EYE in Classic Quotes

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Quotes from David Copperfield by Charles Dickens
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 Current Search - Eye in David Copperfield
1  A lane of small boys beyond me, with the same interest in his eye, watch it too.
David Copperfield By Charles Dickens
Get Context   In CHAPTER 7. MY 'FIRST HALF' AT SALEM HOUSE
2  Here I am in the playground, with my eye still fascinated by him, though I can't see him.
David Copperfield By Charles Dickens
Get Context   In CHAPTER 7. MY 'FIRST HALF' AT SALEM HOUSE
3  As I drew nearer to them, trying to propitiate the tinker by my looks, I observed that the woman had a black eye.
David Copperfield By Charles Dickens
Get Context   In CHAPTER 13. THE SEQUEL OF MY RESOLUTION
4  The window at a little distance from which I know he is having his dinner, stands for him, and I eye that instead.
David Copperfield By Charles Dickens
Get Context   In CHAPTER 7. MY 'FIRST HALF' AT SALEM HOUSE
5  I felt apprehensive that I was personally interested in this dialogue, and sought Mr. Murdstone's eye as it lighted on mine.
David Copperfield By Charles Dickens
Get Context   In CHAPTER 4. I FALL INTO DISGRACE
6  But though Peggotty's eye wanders, she is much offended if mine does, and frowns to me, as I stand upon the seat, that I am to look at the clergyman.
David Copperfield By Charles Dickens
Get Context   In CHAPTER 2. I OBSERVE
7  He makes dreadful mouths as he rules the ciphering-book; and now he throws his eye sideways down our lane, and we all droop over our books and tremble.
David Copperfield By Charles Dickens
Get Context   In CHAPTER 7. MY 'FIRST HALF' AT SALEM HOUSE
8  I could not restrain my eye from resting for an instant on a red spot upon it; but it was not so red as I turned, when I met that sinister expression in his face.
David Copperfield By Charles Dickens
Get Context   In CHAPTER 8. MY HOLIDAYS. ESPECIALLY ONE HAPPY AFTERNOON
9  I don't watch his eye in idleness, but because I am morbidly attracted to it, in a dread desire to know what he will do next, and whether it will be my turn to suffer, or somebody else's.
David Copperfield By Charles Dickens
Get Context   In CHAPTER 7. MY 'FIRST HALF' AT SALEM HOUSE
10  Peggotty gave it as her opinion that she even slept with one eye open; but I could not concur in this idea; for I tried it myself after hearing the suggestion thrown out, and found it couldn't be done.
David Copperfield By Charles Dickens
Get Context   In CHAPTER 4. I FALL INTO DISGRACE
11  It was my book that he struck his desk with; and as I stood beside him, following his eye as it glanced round the room, I saw the boys all stop, some suddenly surprised, some half afraid, and some sorry perhaps.
David Copperfield By Charles Dickens
Get Context   In CHAPTER 7. MY 'FIRST HALF' AT SALEM HOUSE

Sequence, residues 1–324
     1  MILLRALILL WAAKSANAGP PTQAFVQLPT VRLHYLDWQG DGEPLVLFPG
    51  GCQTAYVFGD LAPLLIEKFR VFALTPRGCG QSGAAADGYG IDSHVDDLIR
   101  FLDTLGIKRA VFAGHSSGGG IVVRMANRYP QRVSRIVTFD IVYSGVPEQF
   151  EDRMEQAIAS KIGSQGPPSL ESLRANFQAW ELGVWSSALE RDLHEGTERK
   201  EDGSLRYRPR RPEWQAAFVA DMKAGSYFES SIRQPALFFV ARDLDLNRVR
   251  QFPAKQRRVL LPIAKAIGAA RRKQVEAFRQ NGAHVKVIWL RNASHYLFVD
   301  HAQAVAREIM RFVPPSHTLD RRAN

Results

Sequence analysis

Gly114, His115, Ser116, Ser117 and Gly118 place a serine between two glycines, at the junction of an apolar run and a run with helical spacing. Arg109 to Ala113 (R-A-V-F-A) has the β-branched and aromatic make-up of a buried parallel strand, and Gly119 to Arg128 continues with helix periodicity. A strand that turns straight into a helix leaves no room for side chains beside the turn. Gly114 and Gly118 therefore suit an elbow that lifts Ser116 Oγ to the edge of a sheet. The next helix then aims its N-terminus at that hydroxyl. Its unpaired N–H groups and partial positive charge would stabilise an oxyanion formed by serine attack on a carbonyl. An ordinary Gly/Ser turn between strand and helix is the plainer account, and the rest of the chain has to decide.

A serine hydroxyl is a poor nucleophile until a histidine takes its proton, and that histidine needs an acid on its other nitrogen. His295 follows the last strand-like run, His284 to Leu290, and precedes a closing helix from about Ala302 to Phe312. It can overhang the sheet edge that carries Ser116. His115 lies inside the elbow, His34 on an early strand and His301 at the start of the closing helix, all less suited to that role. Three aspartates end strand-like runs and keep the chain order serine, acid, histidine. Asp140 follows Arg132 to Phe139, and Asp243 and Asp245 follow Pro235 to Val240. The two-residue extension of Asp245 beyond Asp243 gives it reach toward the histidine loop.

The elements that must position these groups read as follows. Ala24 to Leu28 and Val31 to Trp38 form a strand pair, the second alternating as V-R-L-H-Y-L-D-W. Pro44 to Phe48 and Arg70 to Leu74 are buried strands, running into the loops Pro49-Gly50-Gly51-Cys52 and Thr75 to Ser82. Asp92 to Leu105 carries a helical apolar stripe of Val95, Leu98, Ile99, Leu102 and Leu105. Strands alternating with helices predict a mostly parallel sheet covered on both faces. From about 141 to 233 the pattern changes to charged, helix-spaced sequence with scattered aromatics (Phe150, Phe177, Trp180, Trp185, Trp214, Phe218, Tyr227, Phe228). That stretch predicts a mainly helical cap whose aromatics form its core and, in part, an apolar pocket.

12  I looked anxiously around; but the inquiry made no impression on any of the bystanders, if I except a man in gaiters, with one eye, who suggested that they had better put a brass collar round my neck, and tie me up in the stable.
David Copperfield By Charles Dickens
Get Context   In CHAPTER 5. I AM SENT AWAY FROM HOME
13  I don't know that I supposed anything of the kind, but I felt it an act of gallantry to say something; and a shining sail close to us made such a pretty little image of itself, at the moment, in her bright eye, that it came into my head to say this.
David Copperfield By Charles Dickens
Get Context   In CHAPTER 3. I HAVE A CHANGE
14  It looked rather spongy and soppy, I thought, as I carried my eye over the great dull waste that lay across the river; and I could not help wondering, if the world were really as round as my geography book said, how any part of it came to be so flat.
David Copperfield By Charles Dickens
Get Context   In CHAPTER 3. I HAVE A CHANGE
15  I sit with my eye on Mr. Creakle, blinking at him like a young owl; when sleep overpowers me for a minute, he still looms through my slumber, ruling those ciphering-books, until he softly comes behind me and wakes me to plainer perception of him, with a red ridge across my back.
David Copperfield By Charles Dickens
Get Context   In CHAPTER 7. MY 'FIRST HALF' AT SALEM HOUSE
16  I thanked him, and took my seat at the board; but found it extremely difficult to handle my knife and fork with anything like dexterity, or to avoid splashing myself with the gravy, while he was standing opposite, staring so hard, and making me blush in the most dreadful manner every time I caught his eye.
David Copperfield By Charles Dickens
Get Context   In CHAPTER 5. I AM SENT AWAY FROM HOME
17  The unbroken stillness of the parlour window leading me to infer, after a while, that she was not there, I lifted up my eyes to the window above it, where I saw a florid, pleasant-looking gentleman, with a grey head, who shut up one eye in a grotesque manner, nodded his head at me several times, shook it at me as often, laughed, and went away.
David Copperfield By Charles Dickens
Get Context   In CHAPTER 13. THE SEQUEL OF MY RESOLUTION
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